Covid Injections


Hello, I am new to this forum so I apologise if I am asking a question that has already been asked. Last night on the BBC News programme shortly before the Covid Update came on at 5 o'clock a specialist stated that those people who were immunosuppressed should not have the Oxford/AstraZeneca Covid jab due to it being a 'live' jab. I see from the information on this site that the Oxford/AstraZeneca Covid jab has been inactivated so is okay for immunosuppressed people. So now I am concerned and worried and not sure if I should take the Oxford/AstraZeneca Jab when it is offered to me as these to sources differ in their advice. Does anyone have any further information about which jabs it is safe to have.


  • Chris_R
    Chris_R Moderator Posts: 796
    edited 13. Jan 2021, 13:21

    Hi @Geri

    Welcome to the online community.You say that a specialist on BBC News programme stated that people who were immunosuppressed should not have the Oxford/AstraZenica vaccine,but on this site it states that you can.As you say that does differ in advice,i can understand why you are so concerned.

    This link may help you

    Meanwhile why don't you chat on our forums to others , everyone on our forums are friendly and understanding and helpful.

    Please keep in touch and tell us how you get on


    Need more help? - call our Helpline on 0800 5200 520 Monday to Friday 9am to 6pm

  • frogmorton
    frogmorton Member Posts: 29,423

    I think there will be a lot of people in the same position as you @Geri fearful and confused by conflicting opinions.

    Maybe you and probably most people with are 'Clinically extremely vulnerable' will be offered the alternative vaccine?

    If the medical profession deem it safe I am sure they know best. I would seek reassurance from my rheumatologist if i were you.

    Take care and let us know how you get on

  • Mike1
    Mike1 Member Posts: 1,992

    I have confidence that the medics will call people forward for the vaccine and give them the best one of the three currently approved in accordance with individual medical conditions. The vaccine is NOT a panacea to get rid of Covid however, a full course will reduce your chance of becoming seriously ill but the scientists do not yet know whether it will stop you from catching and passing on the virus, but they do expect it to reduce this risk. So, it is still important to follow the guidance in your local area to protect those around you.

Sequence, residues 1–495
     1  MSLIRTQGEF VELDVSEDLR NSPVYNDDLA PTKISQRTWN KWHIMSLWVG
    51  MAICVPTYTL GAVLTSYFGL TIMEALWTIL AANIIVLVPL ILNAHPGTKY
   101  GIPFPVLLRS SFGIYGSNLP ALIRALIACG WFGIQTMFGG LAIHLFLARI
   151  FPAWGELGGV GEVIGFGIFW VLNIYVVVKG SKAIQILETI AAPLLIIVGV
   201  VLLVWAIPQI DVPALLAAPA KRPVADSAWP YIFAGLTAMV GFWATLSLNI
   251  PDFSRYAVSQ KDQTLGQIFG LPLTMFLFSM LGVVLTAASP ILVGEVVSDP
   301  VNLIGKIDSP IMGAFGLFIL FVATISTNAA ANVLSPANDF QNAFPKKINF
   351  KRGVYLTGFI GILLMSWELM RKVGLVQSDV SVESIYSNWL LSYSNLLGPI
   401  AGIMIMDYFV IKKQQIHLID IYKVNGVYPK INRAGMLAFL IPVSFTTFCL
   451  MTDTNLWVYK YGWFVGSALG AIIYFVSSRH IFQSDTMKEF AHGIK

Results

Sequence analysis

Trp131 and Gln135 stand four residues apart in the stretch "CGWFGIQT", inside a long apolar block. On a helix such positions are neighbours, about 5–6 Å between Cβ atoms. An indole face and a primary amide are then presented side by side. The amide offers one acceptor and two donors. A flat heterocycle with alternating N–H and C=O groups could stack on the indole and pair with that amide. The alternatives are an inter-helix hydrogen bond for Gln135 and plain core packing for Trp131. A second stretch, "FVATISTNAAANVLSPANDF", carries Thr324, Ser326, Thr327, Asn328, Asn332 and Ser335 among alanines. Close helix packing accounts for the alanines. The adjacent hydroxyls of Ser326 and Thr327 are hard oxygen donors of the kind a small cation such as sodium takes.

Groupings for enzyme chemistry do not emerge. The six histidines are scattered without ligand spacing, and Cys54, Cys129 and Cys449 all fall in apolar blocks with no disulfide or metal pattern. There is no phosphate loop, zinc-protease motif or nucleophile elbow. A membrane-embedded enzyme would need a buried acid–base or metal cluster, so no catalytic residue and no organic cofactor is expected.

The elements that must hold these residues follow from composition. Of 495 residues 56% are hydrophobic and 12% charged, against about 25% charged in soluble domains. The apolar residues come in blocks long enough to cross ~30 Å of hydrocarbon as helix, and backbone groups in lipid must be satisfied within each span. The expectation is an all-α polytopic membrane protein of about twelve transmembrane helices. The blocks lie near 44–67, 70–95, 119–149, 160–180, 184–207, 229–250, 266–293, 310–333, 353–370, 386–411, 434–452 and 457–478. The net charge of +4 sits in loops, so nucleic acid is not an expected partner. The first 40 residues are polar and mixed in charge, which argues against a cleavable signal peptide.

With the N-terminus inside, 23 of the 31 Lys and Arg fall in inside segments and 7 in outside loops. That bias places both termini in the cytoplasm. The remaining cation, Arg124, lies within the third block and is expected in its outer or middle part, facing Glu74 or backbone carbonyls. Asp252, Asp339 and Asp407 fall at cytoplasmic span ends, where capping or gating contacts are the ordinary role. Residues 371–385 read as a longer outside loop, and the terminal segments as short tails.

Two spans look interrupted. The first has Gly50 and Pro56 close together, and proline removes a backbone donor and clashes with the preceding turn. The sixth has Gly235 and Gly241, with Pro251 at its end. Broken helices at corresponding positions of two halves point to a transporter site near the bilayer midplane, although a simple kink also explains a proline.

To protect yourself and your family, friends and colleagues you still need to:

    • practice social distancing
    • wear a face mask
    • wash your hands carefully and frequently
    • follow the guidance

  • Ginge
    Ginge Member Posts: 1

    Hi, I am new to this forum also and I heard the same comment on the BBC news programme yesterday that the Pfizer vaccination was the recommended one for immunosuppressed patients and am glad someone else heard it. It made me very worried as I have just been started on steroids and wonder if I will have any say in which vaccine I receive.

  • Brynmor
    Brynmor Member Posts: 1,755

    Here again is the link to the Versus Arthritis Vaccines for COVID-19 FAQ:


  • NigelG
    NigelG Member Posts: 1

    I have heard that none of the vaccines are as good on those of us that are immunosuppressed, so is there a strategy to give “us” the second shot earlier, or are we just taking our chances along with those who get a better response to the vaccines ?

  • Chris_R
    Chris_R Moderator Posts: 796
    edited 13. Jan 2021, 12:53

    Hi @NigelG

    Welcome to the on line community you asked about news update on Covid19 for immunosuppressed

    Here is a link that might help

    Hope this helps please let us know how you get on.


    Need more help? - call our Helpline on 0800 5200 520 Monday to Friday 9am to 6pm